Types of YouTube Ads

Video Ads

  • Description: These play before, during, or after a YouTube video on computers or mobile devices.
  • Types:
    • In-stream ads: Can be skippable or non-skippable.
    • Bumper ads: Non-skippable, short ads that play before, during, or after a video.

Display Ads

  • Description: These appear in different spots on YouTube and usually use text or static images.
  • Note: YouTube does not support display image ads directly on its app, but these can be targeted to YouTube.com through Google Display Network (GDN).

Companion Banners

  • Description: Appears to the right of the YouTube player on desktop.
  • Requirement: Must be purchased alongside In-stream ads, Bumper ads, or In-feed ads.

In-feed Ads

  • Description: Resemble videos with images, headlines, and text. They link to a public or unlisted YouTube video.

Outstream Ads

  • Description: Mobile-only video ads that play outside of YouTube, on websites and apps within the Google video partner network.

Masthead Ads

  • Description: Premium, high-visibility banner ads displayed at the top of the YouTube homepage for both desktop and mobile users.

YouTube Ad Specs by Type

Skippable In-stream Video Ads

  • Placement: Before, during, or after a YouTube video.
  • Resolution:
    • Horizontal: 1920 x 1080px
    • Vertical: 1080 x 1920px
    • Square: 1080 x 1080px
  • Aspect Ratio:
    • Horizontal: 16:9
    • Vertical: 9:16
    • Square: 1:1
  • Length:
    • Awareness: 15-20 seconds
    • Consideration: 2-3 minutes
    • Action: 15-20 seconds

Non-skippable In-stream Video Ads

  • Description: Must be watched completely before the main video.
  • Length: 15 seconds (or 20 seconds in certain markets).
  • Resolution:
    • Horizontal: 1920 x 1080px
    • Vertical: 1080 x 1920px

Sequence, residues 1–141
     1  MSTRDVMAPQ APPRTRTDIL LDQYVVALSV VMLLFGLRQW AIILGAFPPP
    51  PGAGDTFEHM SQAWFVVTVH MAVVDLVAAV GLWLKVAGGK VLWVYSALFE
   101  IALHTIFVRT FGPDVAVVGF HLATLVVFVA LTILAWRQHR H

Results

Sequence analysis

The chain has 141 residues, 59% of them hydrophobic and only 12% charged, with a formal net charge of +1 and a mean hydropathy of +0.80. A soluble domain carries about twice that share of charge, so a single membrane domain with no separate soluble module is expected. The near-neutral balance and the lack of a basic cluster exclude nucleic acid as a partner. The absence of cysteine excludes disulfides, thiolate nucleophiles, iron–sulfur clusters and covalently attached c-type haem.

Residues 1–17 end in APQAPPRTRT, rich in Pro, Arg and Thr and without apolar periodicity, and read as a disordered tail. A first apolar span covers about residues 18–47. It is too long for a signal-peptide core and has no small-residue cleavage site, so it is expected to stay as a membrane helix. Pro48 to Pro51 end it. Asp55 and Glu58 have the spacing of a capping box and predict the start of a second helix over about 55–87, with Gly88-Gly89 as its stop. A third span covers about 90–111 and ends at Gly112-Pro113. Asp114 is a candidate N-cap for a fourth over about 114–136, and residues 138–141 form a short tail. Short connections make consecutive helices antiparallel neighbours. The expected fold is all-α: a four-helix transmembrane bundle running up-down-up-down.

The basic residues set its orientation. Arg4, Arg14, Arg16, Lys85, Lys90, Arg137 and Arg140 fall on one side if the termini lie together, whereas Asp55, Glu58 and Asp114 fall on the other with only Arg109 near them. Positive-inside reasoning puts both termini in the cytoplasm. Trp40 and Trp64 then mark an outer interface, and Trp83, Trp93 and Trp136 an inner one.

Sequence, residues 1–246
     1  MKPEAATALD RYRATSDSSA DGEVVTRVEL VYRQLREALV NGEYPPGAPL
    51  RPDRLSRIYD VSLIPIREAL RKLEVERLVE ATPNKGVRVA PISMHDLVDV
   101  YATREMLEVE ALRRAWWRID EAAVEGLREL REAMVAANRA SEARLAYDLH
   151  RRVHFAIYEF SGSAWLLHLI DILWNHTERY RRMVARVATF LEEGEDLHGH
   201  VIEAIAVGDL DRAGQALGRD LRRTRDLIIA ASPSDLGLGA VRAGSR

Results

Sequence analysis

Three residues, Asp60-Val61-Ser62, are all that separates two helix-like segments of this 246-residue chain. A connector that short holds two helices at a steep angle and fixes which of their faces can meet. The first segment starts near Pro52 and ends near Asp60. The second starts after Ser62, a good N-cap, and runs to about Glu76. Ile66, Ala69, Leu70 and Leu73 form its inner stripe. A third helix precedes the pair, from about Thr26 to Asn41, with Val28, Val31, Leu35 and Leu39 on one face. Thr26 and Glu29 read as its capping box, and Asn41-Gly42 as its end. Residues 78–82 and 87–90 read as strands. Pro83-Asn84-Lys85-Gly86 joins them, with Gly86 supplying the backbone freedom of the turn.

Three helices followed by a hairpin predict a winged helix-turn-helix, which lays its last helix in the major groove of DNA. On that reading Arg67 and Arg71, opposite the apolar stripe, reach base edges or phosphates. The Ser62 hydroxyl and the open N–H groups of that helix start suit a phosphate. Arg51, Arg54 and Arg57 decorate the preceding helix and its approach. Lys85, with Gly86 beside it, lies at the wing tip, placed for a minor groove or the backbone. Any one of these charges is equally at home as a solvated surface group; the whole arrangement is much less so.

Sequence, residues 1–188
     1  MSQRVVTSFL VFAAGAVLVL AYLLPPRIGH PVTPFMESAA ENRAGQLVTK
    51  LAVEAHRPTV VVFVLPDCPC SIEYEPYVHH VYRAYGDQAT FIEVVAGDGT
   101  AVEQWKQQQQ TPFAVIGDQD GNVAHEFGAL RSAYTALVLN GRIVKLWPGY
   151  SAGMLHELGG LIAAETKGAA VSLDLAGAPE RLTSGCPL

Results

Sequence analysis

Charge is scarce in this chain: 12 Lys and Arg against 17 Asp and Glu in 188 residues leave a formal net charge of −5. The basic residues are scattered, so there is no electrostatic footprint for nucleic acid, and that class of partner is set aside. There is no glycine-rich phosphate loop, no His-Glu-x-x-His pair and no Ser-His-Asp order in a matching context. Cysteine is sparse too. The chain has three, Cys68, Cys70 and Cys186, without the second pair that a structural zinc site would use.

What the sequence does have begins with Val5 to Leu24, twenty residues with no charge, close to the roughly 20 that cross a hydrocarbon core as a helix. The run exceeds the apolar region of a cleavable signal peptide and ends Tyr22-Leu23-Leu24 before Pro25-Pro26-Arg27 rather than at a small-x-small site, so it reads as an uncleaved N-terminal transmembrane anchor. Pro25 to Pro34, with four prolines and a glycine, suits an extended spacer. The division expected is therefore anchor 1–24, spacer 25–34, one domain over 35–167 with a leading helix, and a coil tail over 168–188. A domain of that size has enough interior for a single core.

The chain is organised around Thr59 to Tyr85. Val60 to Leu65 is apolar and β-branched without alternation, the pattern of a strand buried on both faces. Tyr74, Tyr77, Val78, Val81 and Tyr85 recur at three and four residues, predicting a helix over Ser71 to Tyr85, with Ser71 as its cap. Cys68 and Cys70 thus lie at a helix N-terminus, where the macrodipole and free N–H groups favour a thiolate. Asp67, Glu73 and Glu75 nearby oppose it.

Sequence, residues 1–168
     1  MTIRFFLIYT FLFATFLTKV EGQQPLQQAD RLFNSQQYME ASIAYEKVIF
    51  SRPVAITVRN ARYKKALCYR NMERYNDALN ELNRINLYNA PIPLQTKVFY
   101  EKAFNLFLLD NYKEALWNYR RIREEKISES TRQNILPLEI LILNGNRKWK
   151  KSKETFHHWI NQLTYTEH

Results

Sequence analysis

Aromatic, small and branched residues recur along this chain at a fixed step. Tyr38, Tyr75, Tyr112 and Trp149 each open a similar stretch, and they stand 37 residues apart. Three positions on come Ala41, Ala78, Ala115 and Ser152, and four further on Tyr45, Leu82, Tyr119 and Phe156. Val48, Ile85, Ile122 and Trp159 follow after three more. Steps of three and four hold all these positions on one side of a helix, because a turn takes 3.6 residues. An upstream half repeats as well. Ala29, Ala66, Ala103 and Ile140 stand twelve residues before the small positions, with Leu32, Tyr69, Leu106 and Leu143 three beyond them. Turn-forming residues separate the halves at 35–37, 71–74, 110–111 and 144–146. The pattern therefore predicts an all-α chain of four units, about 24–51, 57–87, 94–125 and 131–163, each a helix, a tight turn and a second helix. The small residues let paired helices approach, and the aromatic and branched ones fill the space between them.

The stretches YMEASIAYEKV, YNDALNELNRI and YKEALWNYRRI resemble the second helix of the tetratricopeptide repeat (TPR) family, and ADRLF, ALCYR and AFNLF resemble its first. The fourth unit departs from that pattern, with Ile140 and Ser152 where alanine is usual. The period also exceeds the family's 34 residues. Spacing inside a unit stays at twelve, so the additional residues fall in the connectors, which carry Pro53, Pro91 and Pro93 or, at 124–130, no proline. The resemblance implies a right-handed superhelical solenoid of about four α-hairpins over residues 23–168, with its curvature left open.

• Square: 1080 x 1080px
  • Aspect Ratio:
    • Horizontal: 16:9
    • Vertical: 9:16
    • Square: 1:1

Bumper Ads

  • Length: Maximum 6 seconds.
  • File Format: MP4, Quicktime, AVI, ASF, Windows Media, or MPEG.
  • Resolution:
    • Horizontal: 640 x 360px
    • Vertical: 480 x 360px

In-feed Ads

  • Description: Show alongside YouTube content, like search results or the Home feed.
  • Resolution:
    • Horizontal: 1920 x 1080px
    • Vertical: 1080 x 1920px
    • Square: 1080 x 1080px
  • Aspect Ratio:
    • Horizontal: 16:9
    • Square: 1:1
  • Length:
    • Awareness: 15-20 seconds
    • Consideration: 2-3 minutes
  • Headline/Description:
    • Headline: Up to 2 lines, 40 characters per line
    • Description: Up to 2 lines, 35 characters per line

Display Ads

  • Description: Static images or animated media that appear on YouTube next to video suggestions, in search results, or on the homepage.
  • Image Size: 300×60 pixels.
  • File Type: GIF, JPG, PNG.
  • File Size: Max 150KB.
  • Max Animation Length: 30 seconds.

Outstream Ads

  • Description: Mobile-only video ads that appear on websites and apps within the Google video partner network, not on YouTube itself.
  • Logo Specs:
    • Square: 1:1 (200 x 200px).
    • File Type: JPG, GIF, PNG.
    • Max Size: 200KB.

Masthead Ads

  • Description: High-visibility ads at the top of the YouTube homepage.